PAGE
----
In addition, we need to ask how the expropriation of African labor to support the colonial economy affected the ability of Africans to labor on their own farms and economic enterprises, or their ability to maintain viable communities and prosperous political economies? Who benefited from the wealth created by the many colonial agricultural, mining and manufacturing enterprises on which Africans worked --the African laborers and their communities, or the European colonialists and businesses who owned and operated them? Did the wealth these enterprises produced stay in Africa to generate African economic development, or did it flow to Europe to support European economic development? Finally, Africa has witnessed some 50 wars over the last several decades. These wars have caused death and destruction throughout the continent and have devastated local and national economies. To what extent are these wars a consequence of European colonialism, of the artificial national boundaries created by the European powers to serve their own interests, and of the failure of European governments to establish viable African political economies when they began to dismantled their colonial empires in the 1950s?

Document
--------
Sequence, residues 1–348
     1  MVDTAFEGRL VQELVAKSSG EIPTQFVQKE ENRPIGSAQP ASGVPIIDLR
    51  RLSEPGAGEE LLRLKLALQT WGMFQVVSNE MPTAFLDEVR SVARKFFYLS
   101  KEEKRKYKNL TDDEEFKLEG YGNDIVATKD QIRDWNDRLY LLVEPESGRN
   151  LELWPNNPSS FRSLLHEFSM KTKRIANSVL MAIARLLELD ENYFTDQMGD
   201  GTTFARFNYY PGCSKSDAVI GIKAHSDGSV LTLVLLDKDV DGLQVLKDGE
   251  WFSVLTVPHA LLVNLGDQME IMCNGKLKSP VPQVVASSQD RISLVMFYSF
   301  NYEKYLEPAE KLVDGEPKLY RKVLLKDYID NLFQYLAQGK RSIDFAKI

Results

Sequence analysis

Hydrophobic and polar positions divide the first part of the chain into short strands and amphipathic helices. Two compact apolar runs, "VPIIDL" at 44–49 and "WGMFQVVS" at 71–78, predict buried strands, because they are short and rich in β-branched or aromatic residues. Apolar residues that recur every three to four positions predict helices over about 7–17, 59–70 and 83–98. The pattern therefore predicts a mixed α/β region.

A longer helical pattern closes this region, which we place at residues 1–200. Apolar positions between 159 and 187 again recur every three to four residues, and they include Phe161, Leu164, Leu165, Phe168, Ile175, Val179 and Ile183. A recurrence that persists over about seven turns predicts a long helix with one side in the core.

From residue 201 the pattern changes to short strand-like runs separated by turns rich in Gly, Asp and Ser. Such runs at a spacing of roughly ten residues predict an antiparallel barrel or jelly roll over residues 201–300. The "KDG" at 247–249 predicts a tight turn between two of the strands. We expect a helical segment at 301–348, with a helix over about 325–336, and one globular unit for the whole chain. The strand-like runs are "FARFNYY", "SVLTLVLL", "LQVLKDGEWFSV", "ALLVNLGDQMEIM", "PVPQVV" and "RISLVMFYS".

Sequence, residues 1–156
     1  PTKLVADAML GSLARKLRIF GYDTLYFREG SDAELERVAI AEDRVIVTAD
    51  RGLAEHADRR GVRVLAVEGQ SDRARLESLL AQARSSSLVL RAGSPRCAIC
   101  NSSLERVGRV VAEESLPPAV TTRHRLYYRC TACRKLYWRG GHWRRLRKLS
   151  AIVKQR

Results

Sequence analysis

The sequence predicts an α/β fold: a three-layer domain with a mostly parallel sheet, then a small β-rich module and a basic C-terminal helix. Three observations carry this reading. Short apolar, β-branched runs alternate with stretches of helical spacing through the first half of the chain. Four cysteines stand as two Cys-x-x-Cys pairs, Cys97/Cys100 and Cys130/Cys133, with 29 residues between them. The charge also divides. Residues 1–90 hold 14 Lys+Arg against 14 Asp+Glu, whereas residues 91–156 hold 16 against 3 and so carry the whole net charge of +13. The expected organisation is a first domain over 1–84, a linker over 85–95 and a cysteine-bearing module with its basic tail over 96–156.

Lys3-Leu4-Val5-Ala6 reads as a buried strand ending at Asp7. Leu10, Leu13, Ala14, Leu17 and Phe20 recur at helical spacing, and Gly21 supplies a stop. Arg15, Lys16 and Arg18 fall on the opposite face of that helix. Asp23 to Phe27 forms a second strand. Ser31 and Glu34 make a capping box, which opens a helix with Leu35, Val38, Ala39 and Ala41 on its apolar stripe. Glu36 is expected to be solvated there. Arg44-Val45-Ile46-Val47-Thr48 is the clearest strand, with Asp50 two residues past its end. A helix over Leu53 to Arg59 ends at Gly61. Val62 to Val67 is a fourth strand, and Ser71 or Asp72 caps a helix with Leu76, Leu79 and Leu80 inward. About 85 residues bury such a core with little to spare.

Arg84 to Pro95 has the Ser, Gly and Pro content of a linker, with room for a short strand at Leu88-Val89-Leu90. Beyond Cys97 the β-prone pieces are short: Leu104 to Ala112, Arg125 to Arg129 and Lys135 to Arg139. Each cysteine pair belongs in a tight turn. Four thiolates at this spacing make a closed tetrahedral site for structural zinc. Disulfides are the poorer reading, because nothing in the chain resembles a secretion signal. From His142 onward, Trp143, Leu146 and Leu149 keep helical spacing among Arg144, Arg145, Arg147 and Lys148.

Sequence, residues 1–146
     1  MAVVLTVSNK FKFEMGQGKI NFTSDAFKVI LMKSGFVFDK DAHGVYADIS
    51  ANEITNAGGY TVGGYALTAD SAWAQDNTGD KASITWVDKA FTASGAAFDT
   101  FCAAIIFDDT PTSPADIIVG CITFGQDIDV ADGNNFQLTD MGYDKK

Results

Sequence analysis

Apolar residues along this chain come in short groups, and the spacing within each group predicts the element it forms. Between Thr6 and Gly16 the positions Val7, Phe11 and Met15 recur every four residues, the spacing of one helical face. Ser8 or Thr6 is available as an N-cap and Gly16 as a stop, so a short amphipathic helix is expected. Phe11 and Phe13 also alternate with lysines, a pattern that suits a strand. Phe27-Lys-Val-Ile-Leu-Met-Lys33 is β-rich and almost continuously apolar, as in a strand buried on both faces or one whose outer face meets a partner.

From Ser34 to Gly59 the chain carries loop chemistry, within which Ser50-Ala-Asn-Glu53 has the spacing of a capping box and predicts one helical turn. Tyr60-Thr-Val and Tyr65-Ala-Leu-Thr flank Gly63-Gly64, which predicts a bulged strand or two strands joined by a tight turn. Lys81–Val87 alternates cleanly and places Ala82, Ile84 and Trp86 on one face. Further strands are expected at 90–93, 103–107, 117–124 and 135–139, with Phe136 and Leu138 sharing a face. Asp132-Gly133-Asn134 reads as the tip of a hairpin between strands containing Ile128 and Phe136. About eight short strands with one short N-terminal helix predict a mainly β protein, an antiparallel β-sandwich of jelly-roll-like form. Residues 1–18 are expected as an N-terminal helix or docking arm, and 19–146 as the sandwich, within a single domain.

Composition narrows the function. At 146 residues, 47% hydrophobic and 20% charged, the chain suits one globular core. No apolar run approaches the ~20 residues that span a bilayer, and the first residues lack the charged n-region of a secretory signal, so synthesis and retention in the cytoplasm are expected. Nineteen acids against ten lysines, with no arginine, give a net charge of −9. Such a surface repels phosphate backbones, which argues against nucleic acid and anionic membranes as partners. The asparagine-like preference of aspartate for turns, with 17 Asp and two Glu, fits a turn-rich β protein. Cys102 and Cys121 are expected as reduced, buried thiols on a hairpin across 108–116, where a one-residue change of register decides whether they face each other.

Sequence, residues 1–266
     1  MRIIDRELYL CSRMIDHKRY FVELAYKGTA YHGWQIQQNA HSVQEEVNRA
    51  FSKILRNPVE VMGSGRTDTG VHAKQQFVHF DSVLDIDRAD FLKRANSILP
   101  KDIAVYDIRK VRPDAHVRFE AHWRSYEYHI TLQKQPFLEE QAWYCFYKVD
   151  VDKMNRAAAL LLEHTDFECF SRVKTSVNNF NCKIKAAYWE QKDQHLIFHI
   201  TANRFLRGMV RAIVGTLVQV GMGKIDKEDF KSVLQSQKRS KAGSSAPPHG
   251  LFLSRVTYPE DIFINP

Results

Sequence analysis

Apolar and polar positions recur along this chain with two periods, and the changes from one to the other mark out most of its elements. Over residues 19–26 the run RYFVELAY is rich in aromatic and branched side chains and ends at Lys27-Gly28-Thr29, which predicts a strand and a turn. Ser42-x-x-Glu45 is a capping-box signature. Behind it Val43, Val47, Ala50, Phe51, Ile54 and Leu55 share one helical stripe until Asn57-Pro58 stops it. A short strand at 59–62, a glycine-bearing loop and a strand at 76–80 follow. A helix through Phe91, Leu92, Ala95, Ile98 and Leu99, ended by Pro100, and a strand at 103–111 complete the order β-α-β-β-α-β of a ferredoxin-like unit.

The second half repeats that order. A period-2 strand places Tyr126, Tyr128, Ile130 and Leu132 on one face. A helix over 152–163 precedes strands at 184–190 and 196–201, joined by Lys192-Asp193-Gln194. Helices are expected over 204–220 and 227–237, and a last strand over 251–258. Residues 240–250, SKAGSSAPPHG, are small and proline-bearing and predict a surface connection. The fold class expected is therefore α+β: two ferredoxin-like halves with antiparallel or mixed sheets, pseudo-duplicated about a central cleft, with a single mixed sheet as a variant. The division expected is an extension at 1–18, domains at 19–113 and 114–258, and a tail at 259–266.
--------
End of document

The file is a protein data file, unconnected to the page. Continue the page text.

It is perhaps significant that the only non-Western country to become a major economic power in the 20th century was Japan, the one country that the West did not colonize. It is also significant that the rapid development of contemporary Asian economies, such as China, Korea and Taiwan, only occurred after they gained independence from their European colonizers, not after their population growth declined. Is it possible that the reason that neo-Malthusian population theory is so dominant in the West is that it provides a simplistic superstructural rationalization of contemporary international economic inequality that serves Western interests and that promotes Westerners' ethnocentric view of Western moral superiority (see Furedi 1996; Abruzzi 2002)?
If Europe and Africa had comparable sized populations in 1500, and if Africa is perhaps 10 times the size of Europe, why don't we consider Europe to have been "overpopulated" then? Also, since Europe's population has increased from 100 million in 1500 to about 400 million today, why don't we consider Europe even more "overpopulated" today than it was in the past? As the chart below clearly shows, Germany and Great Britain contain much larger populations and much higher population densities than the Congo, Ethiopia or Kenya --or even than Nigeria, the most populous country in Africa. Indeed, the population densities of Germany and Great Britain are about twice that of Nigeria, nearly 5 times that of either Ethiopia or Kenya and 30 times that of the Congo! Moreover, per capita energy consumption in Germany and Great Britain is almost 20 times that in the Congo, 42 times that in either Kenya or Nigeria and 240 times that in Ethiopia. Why then is it the African countries, such as Nigeria, Kenya, Ethiopia and the Congo that are considered "overpopulated" and in need of birth control and not Germany, Great Britain and the other European countries?